Is traditional PR dead? No, but it may be hard to recognize these days.
“In the last ten years, what was called public relations has gone through a radical transformation,” said Joy Scott, CEO and founder of Scott Public Relations, an award-winning boutique PR firm specializing in healthcare and technology. “Companies that may think it’s about pitching the media are missing that a proliferation of PR tactics must be deployed to achieve the desired results.”
Experts in building thought leadership for healthcare executives and physicians for decades, Scott PR has been incorporating creative and social media strategies into its service line for some time. Now the agency has formalized these capabilities into two distinct divisions: marketing and creative services and digital/social media communications.
“We pioneered a successful approach to B2B social media five years ago, and we constantly refine that approach to get the best results,” noted Scott. “Today, communications have to be visceral, visual, and vibrant to make the desired impact. That means amplifying the message in a relevant and compelling way in all communications channels. Integration is key. That’s why we’ve expanded our core competencies and added the expertise to create and implement comprehensive campaigns for our clients.”
The experts at Scott PR have identified the following five trends for companies to consider in their 2017 PR plans:
- Distinguish between “brand journalism”—telling your story in a journalistic way—and the PR required to gain earned media exposure. Companies today have to do both. Media expects that you tell your own story; brand journalism is a way to do so in a story-driven, visually-driven way that is far more engaging than marketing-speak. However, for original media coverage, reporters need news. If company developments or accomplishments are market-making or industry disruptive, or tied to a major trend or issue, they can be news. Otherwise, journalists view most company-driven stories as marketing. With that said, media interviews are always opportunities for a skilled spokesperson to weave those company messages into the interview. And brand journalism initiatives can spark media interest with a skilled PR approach.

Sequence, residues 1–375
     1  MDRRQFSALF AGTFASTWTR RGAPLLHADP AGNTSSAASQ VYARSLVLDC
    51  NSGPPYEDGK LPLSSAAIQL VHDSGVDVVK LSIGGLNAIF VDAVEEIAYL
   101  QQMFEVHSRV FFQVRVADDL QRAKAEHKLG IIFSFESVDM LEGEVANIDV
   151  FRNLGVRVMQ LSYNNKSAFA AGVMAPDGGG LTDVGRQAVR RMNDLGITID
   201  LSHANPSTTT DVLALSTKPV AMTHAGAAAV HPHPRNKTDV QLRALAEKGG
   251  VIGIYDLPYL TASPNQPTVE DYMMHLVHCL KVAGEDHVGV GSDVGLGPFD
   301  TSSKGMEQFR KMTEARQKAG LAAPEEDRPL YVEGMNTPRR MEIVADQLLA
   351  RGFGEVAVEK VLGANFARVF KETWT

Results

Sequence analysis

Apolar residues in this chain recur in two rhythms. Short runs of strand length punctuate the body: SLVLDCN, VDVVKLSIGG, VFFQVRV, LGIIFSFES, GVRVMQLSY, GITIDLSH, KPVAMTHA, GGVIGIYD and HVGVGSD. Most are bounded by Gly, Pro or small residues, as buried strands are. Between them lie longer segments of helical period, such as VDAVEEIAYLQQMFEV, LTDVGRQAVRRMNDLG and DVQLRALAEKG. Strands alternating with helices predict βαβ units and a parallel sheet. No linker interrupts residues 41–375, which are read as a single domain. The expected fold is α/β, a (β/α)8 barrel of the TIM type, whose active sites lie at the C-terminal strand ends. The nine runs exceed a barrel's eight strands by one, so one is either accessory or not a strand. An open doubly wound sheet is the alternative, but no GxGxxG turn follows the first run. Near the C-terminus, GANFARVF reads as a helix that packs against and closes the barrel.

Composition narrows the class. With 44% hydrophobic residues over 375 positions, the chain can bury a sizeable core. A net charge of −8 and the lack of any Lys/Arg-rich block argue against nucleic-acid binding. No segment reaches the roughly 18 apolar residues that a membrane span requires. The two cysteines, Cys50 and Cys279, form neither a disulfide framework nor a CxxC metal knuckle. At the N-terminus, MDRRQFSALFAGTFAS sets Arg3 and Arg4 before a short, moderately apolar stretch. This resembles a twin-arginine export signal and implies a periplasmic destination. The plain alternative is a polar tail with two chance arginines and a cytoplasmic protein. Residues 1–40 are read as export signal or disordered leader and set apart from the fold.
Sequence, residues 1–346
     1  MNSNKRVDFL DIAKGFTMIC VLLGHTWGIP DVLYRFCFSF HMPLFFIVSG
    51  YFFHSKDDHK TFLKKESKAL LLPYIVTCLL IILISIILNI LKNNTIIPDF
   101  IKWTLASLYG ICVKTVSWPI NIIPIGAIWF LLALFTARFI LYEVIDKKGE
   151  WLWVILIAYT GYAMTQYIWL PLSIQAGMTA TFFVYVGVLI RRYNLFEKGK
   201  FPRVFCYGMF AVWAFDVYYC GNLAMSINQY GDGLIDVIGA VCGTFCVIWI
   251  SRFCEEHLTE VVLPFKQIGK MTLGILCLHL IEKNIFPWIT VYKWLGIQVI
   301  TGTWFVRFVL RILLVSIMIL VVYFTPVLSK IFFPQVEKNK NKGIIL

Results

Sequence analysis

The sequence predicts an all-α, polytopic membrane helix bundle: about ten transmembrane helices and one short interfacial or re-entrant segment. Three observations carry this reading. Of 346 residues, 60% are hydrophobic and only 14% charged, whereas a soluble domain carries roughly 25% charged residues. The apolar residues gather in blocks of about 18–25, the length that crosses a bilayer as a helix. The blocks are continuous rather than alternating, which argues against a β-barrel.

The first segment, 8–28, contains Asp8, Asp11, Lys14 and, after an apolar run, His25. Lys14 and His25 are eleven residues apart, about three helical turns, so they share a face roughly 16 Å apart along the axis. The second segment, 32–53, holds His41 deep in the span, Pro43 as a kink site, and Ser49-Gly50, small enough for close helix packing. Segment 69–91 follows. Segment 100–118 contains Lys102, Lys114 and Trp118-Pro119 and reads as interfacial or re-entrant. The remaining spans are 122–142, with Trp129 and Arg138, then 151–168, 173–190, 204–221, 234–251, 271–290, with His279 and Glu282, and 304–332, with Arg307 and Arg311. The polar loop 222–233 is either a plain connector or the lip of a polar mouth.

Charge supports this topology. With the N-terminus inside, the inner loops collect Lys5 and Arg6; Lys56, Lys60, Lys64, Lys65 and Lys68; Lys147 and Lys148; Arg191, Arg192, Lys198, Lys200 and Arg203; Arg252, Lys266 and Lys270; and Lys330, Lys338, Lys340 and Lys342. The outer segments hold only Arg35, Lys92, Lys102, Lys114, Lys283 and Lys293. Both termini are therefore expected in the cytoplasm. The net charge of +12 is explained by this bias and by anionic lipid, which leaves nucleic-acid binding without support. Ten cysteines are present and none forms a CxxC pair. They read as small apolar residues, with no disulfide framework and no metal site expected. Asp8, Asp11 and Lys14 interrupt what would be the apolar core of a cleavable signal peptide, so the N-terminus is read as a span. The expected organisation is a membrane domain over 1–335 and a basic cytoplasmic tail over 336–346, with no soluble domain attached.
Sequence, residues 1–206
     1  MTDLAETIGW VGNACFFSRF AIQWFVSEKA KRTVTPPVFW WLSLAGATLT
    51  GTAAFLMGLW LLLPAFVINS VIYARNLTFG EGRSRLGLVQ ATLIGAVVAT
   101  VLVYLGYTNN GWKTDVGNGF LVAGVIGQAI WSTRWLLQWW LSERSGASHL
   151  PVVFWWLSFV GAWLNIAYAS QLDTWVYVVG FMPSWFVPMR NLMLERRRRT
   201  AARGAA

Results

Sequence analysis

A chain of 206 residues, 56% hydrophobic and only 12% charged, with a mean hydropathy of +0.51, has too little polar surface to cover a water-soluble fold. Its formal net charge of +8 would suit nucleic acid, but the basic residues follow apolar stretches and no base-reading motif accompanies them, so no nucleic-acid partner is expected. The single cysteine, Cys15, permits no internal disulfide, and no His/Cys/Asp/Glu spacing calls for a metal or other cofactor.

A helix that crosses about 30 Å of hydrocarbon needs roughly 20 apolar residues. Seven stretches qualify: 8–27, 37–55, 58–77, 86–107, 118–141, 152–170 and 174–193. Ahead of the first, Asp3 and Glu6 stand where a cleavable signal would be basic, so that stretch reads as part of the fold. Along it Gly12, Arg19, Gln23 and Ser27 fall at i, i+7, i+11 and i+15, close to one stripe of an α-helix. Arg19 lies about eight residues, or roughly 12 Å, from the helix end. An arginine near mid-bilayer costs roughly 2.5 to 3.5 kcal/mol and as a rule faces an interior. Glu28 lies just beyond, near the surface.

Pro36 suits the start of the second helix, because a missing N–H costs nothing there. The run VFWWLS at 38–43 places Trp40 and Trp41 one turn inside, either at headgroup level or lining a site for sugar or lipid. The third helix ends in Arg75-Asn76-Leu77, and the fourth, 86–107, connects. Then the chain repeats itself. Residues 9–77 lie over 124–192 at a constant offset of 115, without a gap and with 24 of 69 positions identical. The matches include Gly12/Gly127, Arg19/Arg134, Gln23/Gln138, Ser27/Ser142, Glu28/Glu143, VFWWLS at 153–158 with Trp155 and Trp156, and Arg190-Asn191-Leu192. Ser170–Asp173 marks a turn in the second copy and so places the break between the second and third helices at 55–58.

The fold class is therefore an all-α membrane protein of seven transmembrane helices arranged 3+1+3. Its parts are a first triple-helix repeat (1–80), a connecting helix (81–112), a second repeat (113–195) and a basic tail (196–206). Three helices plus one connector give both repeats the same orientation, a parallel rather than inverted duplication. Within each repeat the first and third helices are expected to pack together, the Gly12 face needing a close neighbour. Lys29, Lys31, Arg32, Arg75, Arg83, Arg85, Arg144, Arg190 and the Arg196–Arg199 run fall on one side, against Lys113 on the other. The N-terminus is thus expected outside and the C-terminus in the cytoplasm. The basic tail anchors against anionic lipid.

- Secure earned media (media relations and traditional PR) and then amplify the message through relevant channels and platforms, including via video, digital, social, online, print, events, company publications and speeches.
- If you are a B2B organization, set up a proactive campaign to engage with opinion leaders and influencers through social media and sharing content. “Influencer marketing” is the buzzword in the B2C world and in many interpretations it means paying influencers to write about you. In the B2B arena, that is also an option. But the greatest value is to engage influencers in your cause, your innovation, your united direction toward the future. Media, of course, are influencers, and they should be on your influencer list.
- Publish or perish. “Content creation” is now accepted as part of the PR arsenal. However, it does not equate to “marketing speak.” Your content must be relevant to the reader, educational in nature, and interesting. Going up the content food chain, books are at the apex and can be leveraged for national visibility, especially with media who are forever intrigued by authors.
- Leverage PR for search engine optimization to capture that important top position in organic search. Relevant content is one of the few ways to drive organic SEO today.
This news was previously published on the Scott Public Relations website; reprinted with permission.